Nachman recalls: “They sent me letters in which people said that they could not communicate with their loved ones, and at last they had such an opportunity. That's when you understand the significance of what you are doing. ”

In addition to the development of ACAT, Intel created a team that ensured Hawking had the best hardware. This team is led by Travis Bonifild, who began working with Stephen in 2001, even before the tablets. Bonifield bought a laptop and, in his recollection, “gutted to make a tablet out of it” - this was required to install the device on Hawking's chair.

Alterations were simple, but not without problems: “Everything was done individually, so if something went wrong, it was necessary to disconnect everything and reassemble it. Each time it seemed that we were faced with a new problem. ”

In 2011, when the Nachman team set about refining Hawking's software, Bonifield worked on updating the hardware. He replaced the old system with a Lenovo ThinkPad X220t transforming tablet. The device easily fit in the required slot, was faster and had an excellent display for long-term reading. This is important, because Hawking spends a lot of time outdoors, and not all laptop matrices adequately cope with sunlight.

Since then, Bonifild updates Hawking's computer every two years. Now the scientist uses the ThinkPad Yoga 260 - he chose this model in 2016. The criteria were as follows: reliability and durability. David Rittenhouse (engineer for the Hawking project) noticed that the scientist travels a lot around the world, and the computer must work without fail on every speech.

After years of experimentation and errors, the team managed to find the best solutions for Stephen Hawking. Now experts have focused on adding additional features that would have liked the scientist. Rittenhouse got in touch with the head of Sound Research, Tom Paddock, and in 2016 Hawking got a camera looking back - thanks to this, the scientist now sees what is happening around him.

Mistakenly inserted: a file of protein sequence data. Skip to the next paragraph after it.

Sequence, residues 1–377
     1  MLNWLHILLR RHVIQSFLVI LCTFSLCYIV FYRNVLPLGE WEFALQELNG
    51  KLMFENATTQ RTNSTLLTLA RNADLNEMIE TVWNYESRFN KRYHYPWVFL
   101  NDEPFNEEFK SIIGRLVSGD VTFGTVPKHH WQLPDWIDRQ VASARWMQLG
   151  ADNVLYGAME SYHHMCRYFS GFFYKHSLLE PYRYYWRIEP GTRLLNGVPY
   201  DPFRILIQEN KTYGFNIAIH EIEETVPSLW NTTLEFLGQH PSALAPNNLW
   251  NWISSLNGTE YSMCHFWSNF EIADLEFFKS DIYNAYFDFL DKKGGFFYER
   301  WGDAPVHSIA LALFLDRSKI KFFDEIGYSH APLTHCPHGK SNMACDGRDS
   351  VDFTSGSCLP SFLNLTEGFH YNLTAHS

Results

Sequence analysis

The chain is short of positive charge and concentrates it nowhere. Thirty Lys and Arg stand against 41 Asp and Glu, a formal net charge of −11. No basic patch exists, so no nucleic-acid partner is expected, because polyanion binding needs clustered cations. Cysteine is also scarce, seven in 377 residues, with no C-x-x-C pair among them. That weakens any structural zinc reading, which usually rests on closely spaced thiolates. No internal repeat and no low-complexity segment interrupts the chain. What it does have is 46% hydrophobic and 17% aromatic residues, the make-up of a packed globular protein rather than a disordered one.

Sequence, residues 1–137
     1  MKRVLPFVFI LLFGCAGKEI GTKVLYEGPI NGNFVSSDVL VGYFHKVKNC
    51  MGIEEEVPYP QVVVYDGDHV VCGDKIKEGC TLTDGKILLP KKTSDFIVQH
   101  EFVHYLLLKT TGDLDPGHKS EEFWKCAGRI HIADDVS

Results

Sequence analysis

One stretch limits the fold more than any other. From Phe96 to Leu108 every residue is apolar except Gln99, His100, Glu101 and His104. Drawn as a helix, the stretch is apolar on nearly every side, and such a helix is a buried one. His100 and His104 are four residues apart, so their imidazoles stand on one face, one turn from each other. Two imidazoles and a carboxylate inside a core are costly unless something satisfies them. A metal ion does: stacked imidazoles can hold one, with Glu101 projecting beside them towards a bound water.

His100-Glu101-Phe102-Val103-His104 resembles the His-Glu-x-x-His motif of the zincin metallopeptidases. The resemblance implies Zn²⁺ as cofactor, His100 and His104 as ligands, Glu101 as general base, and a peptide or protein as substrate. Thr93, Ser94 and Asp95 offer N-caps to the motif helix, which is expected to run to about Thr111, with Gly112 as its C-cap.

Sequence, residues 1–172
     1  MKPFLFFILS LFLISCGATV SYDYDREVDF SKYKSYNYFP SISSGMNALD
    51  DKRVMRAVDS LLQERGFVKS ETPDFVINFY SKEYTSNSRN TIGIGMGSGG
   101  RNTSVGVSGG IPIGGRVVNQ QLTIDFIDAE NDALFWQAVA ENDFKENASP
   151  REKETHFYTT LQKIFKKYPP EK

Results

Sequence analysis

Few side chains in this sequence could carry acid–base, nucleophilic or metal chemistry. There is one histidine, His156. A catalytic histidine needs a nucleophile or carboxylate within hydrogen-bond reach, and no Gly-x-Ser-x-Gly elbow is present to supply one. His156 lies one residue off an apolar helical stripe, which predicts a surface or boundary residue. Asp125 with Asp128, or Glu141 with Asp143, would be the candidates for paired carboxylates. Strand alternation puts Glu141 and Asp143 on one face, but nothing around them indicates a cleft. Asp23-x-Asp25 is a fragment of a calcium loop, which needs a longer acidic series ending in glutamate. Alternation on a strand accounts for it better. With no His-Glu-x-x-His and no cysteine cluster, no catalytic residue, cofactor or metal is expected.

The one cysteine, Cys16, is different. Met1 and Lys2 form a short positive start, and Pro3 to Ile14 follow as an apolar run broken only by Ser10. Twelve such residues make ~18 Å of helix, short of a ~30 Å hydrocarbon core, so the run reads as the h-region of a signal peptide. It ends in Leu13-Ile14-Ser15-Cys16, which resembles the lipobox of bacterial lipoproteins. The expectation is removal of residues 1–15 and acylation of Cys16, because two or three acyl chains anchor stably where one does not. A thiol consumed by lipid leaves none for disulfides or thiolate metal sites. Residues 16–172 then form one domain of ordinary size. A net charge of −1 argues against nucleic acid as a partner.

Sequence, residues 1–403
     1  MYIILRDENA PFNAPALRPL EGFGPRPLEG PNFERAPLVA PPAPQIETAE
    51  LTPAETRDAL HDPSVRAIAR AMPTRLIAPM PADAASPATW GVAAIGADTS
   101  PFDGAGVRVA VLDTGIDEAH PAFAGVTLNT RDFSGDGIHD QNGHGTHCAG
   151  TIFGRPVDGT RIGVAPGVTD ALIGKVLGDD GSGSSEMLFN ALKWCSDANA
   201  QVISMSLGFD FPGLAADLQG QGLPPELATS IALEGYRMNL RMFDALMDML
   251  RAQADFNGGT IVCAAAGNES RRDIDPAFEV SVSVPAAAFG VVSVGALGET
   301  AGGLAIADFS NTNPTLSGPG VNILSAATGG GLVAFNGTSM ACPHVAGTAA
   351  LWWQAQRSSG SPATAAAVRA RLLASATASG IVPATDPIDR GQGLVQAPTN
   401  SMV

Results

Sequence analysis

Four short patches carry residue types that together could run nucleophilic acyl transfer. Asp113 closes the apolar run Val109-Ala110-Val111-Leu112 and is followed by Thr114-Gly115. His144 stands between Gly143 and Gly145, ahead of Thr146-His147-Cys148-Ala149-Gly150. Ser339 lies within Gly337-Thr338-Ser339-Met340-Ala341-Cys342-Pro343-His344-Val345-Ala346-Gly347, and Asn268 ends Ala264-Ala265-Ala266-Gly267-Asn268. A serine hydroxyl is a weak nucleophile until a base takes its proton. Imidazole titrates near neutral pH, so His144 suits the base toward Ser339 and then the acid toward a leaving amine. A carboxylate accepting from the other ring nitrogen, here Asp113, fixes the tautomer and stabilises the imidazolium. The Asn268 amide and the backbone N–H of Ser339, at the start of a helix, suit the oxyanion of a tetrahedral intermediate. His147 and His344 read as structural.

Although the two teams have reached significant heights, they still continue to improve products for Hawking. The muscles of his cheeks every day can behave differently, which affects the work with the computer. The Nachman team is working on new algorithms, using data gathered over many months to better understand Hawking’s active muscle area. The introduction of new technology is planned until the end of 2017.

From left to right: Alex Nguyen, Sangita Sharma, Max Pinarok, Sai Prasad, Lama Nachman and Pete Denman. Members of the Intel Anticipatory Computing Lab team who developed the computer interface for Stephen Hawking.

Meanwhile, Hawking continues research on black holes, the emergence of the universe, and other complex issues. Last year, he and his colleagues published an article “Soft hair of black holes” in the journal Physical Review Letters. The text said that the information from objects absorbed by black holes is in “soft, supertranslational hairs” - they remain on the horizon after the death of the black hole.

The Intel team is committed to doing everything for Stephen Hawking so that he continues his research as long as possible. For people involved in teams, this is also the most important thing.

“I won’t be surprised by some celebrity, but it’s hard not to be overwhelmed by the story of Stephen Hawking,” says Bonifield, who met the scientist several times, “We do more than just provide Stephen with computers. We help to communicate with the world to a person who is himself a real world treasure. ”